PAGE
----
The pain and stiffness of rheumatoid arthritis may make you less inclined to exercise, but being sedentary can actually make symptoms worse. When a joint does not function normally, the muscles surrounding it can become weak. The tendons and other soft tissue can become inflamed. These problems can ultimately lead to further joint instability.
Regular exercise can help prevent or reverse this cycle. Our doctors recommend range-of-motion exercises, which help maintain or improve flexibility in joints and the surrounding muscles. Strength training, which builds muscle and tendon strength to stabilize and support joints, can also help.
Rheumatologists may also suggest exercises that increase endurance, such as walking, swimming, or cycling. In addition, yoga and Pilates have been shown to be beneficial in increasing overall strength without overextending the joints.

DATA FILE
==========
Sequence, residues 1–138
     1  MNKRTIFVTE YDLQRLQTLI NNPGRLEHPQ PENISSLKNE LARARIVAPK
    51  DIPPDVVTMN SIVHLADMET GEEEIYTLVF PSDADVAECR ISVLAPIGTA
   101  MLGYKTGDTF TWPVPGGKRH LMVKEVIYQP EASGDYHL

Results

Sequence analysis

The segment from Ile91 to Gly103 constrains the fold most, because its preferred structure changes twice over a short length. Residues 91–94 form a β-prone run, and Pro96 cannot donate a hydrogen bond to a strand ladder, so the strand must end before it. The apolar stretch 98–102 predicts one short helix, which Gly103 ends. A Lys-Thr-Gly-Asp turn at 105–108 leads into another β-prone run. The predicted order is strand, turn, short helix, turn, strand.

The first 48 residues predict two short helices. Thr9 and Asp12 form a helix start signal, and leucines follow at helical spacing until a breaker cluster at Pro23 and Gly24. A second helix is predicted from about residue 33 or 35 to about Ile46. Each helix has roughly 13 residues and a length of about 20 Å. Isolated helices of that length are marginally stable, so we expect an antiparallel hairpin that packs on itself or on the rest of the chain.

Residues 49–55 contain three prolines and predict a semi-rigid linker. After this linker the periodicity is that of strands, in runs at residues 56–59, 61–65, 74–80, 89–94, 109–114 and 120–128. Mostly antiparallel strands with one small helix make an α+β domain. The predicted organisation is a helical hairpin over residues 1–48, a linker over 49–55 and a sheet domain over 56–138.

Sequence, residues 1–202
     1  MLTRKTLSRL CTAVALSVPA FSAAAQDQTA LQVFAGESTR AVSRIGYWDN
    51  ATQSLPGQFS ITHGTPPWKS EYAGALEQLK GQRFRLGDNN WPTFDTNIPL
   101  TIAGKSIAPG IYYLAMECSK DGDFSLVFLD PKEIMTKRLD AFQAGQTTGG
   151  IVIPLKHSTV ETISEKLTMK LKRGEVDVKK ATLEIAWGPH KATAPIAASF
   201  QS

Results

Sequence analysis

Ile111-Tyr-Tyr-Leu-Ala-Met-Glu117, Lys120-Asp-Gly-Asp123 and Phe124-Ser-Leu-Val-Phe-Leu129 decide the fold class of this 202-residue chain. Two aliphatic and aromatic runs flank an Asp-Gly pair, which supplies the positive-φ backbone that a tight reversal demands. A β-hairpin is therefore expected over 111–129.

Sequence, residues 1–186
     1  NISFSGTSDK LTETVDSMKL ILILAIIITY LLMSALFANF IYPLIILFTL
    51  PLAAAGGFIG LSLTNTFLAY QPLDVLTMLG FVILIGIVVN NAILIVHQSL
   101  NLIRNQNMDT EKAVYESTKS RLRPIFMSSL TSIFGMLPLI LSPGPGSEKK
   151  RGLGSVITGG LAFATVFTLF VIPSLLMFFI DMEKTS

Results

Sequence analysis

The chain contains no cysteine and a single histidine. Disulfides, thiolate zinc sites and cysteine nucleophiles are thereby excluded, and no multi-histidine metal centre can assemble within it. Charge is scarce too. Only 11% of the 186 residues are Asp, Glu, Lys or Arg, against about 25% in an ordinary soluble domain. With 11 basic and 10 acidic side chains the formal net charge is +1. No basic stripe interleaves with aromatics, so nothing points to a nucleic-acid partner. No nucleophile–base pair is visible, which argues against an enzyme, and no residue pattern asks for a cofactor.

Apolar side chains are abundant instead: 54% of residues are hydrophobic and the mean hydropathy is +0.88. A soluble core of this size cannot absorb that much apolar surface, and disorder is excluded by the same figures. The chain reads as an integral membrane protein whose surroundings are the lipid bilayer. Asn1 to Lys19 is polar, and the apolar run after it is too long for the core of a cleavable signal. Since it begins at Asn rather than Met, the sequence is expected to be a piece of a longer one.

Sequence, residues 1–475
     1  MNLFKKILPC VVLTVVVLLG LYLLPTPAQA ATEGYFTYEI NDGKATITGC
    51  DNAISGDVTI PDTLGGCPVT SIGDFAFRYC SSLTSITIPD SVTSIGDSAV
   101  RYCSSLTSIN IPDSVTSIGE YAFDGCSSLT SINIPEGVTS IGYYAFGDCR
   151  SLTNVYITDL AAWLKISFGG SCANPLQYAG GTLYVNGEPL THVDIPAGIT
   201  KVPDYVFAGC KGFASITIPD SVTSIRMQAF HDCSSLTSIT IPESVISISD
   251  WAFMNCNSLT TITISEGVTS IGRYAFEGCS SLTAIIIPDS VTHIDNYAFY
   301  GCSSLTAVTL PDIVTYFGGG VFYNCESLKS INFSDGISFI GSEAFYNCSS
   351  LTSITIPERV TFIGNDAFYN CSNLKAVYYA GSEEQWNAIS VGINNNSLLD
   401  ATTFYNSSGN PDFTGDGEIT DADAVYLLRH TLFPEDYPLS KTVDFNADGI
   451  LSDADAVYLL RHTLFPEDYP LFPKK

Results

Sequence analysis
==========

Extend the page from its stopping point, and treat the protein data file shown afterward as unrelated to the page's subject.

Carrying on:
If you’re experiencing a flare-up in symptoms, it’s important to rest and give your joints a chance to recover. When your symptoms have subsided, you can resume exercising. Your doctor can help you determine when to begin exercising again if you’re unsure.
Limit Alcohol Intake
Some medications taken for rheumatoid arthritis may increase the risk of liver damage in people who consume alcohol regularly. If you’re taking medications, talk to your doctor about how much and how frequently you drink wine, beer, or other alcoholic beverages.
Smoking is a risk factor for rheumatoid arthritis, and stopping smoking may improve your symptoms. Pelisyonkis Langone’s Tobacco Cessation Programs can give you the tools and support you need to quit.
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